Instant-start computers possible with new breakthrough December 19th, 2014

Switching to spintronics: Berkeley Lab reports on electric field switching of ferromagnetism at room temp December 17th, 2014

Pb islands in a sea of graphene magnetise the material of the future December 16th, 2014

Stanford team combines logic, memory to build a 'high-rise' chip: Today circuit cards are laid out like single-story towns; Futuristic architecture builds layers of logic and memory into skyscraper chips that would be smaller, faster, cheaper -- and taller December 15th, 2014

Nanotubes/Buckyballs

A sponge-like molecular cage for purification of fullerenes December 15th, 2014

'Trojan horse' proteins used to target hard-to-reach cancers: Scientists at Brunel University London have found a way of targeting hard-to-reach cancers and degenerative diseases using nanoparticles, but without causing the damaging side effects the treatment normally brings December 11th, 2014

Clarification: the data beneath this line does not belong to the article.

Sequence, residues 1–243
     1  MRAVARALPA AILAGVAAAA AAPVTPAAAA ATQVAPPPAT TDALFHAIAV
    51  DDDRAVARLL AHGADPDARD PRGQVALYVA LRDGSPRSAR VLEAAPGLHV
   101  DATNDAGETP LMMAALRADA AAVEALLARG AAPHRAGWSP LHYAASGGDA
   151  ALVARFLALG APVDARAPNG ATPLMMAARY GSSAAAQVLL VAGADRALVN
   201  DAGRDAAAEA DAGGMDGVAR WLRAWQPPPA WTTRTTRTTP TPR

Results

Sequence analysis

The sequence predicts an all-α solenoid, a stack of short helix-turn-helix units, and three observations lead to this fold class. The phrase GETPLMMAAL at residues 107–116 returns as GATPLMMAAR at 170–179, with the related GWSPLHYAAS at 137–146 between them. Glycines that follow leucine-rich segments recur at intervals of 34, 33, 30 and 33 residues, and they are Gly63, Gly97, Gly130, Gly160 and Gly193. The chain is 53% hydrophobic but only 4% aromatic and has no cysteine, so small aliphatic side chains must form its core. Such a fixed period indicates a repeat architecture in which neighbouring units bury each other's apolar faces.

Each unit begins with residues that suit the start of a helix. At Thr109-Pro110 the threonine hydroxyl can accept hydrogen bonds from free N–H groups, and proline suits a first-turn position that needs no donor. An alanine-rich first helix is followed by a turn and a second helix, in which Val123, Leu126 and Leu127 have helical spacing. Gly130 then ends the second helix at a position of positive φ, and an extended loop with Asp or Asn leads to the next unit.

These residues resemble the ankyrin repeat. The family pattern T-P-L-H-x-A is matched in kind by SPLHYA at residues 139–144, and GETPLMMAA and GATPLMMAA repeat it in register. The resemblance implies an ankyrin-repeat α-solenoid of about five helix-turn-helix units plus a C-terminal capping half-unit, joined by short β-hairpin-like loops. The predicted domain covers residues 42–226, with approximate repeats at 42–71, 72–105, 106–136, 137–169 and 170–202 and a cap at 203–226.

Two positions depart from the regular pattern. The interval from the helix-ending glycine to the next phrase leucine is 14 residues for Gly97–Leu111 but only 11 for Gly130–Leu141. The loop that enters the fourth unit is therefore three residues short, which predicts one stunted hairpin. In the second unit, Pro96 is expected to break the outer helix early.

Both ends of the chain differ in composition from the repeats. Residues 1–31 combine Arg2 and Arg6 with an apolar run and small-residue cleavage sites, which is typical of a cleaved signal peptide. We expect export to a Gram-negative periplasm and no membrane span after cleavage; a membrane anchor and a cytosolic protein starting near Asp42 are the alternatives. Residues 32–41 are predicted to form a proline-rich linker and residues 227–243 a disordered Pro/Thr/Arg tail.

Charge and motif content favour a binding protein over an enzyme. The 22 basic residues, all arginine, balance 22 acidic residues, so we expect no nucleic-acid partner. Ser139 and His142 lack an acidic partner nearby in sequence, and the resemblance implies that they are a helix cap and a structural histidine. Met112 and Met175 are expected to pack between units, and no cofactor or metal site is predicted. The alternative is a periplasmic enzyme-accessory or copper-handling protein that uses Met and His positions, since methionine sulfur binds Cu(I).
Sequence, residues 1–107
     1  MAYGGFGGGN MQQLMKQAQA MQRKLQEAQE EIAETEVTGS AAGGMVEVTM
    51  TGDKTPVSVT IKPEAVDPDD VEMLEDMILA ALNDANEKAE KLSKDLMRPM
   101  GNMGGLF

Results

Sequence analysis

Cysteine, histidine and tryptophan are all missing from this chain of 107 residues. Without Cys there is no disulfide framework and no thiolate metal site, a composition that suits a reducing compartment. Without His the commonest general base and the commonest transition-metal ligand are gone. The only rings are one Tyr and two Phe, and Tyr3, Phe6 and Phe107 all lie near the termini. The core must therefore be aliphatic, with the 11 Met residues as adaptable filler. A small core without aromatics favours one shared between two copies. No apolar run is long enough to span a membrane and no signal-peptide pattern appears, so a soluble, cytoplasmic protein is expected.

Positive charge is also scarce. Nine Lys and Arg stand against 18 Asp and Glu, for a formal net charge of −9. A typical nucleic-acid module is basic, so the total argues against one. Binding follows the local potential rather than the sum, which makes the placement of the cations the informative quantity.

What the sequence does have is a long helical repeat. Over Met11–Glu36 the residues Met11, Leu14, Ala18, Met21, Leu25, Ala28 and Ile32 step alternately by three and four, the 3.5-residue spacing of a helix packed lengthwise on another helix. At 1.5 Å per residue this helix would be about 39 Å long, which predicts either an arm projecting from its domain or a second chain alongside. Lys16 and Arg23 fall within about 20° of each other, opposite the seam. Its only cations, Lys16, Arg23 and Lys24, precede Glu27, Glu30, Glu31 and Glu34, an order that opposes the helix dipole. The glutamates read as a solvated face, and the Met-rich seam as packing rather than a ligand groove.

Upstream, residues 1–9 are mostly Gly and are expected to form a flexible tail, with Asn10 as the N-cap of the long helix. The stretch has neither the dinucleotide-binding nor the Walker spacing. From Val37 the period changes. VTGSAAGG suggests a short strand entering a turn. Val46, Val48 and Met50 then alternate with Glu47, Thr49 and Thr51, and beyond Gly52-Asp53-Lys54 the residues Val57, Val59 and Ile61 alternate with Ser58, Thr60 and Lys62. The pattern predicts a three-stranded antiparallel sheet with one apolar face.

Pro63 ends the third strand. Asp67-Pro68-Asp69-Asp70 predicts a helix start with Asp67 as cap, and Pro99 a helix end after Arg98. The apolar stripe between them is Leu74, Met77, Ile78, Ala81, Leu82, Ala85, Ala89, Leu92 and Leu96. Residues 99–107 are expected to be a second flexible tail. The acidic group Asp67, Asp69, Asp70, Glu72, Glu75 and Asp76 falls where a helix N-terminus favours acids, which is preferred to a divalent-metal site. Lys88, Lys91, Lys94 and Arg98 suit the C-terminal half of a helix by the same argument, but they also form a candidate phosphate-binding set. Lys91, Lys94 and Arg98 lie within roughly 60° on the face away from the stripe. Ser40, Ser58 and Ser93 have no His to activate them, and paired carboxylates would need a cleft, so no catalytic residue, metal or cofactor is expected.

Detecting gases wirelessly and cheaply: New sensor can transmit information on hazardous chemicals or food spoilage to a smartphone December 8th, 2014

Green meets nano: Scientists at TU Darmstadt create multifunctional nanotubes using nontoxic materials December 3rd, 2014

Nanomedicine

Creation of 'Rocker' protein opens way for new smart molecules in medicine, other fields December 18th, 2014

Iranian Researchers Produce Electrical Pieces Usable in Human Body December 18th, 2014

Unraveling the light of fireflies December 17th, 2014

First Home-Made Edible Herbal Nanodrug Presented to Pharmacies across Iran December 17th, 2014

Nanoelectronics